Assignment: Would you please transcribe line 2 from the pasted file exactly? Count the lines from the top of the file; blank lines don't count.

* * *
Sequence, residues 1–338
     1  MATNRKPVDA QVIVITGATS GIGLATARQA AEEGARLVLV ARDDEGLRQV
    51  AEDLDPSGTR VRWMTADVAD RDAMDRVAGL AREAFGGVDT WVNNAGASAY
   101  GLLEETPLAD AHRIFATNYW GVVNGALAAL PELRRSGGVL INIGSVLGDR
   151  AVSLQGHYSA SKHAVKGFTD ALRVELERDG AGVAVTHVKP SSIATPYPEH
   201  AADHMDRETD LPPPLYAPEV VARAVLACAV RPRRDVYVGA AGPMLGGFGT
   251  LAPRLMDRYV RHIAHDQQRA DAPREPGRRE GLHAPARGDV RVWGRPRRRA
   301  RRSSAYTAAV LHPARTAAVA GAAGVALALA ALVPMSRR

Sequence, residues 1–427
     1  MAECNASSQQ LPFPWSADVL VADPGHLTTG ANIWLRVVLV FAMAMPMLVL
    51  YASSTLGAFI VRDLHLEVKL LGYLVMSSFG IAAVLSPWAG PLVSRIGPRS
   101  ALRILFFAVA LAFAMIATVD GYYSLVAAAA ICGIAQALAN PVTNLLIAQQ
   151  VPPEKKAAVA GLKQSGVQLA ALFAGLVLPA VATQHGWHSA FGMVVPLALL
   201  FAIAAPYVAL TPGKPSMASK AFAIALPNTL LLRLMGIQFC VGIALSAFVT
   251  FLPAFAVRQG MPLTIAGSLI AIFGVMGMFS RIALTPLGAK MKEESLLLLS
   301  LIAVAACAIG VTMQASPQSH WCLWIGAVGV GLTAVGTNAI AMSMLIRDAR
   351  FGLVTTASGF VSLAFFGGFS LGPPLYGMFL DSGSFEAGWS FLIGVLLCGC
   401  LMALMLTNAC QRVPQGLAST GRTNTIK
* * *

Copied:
     1  MATNRKPVDA QVIVITGATS GIGLATARQA AEEGARLVLV ARDDEGLRQV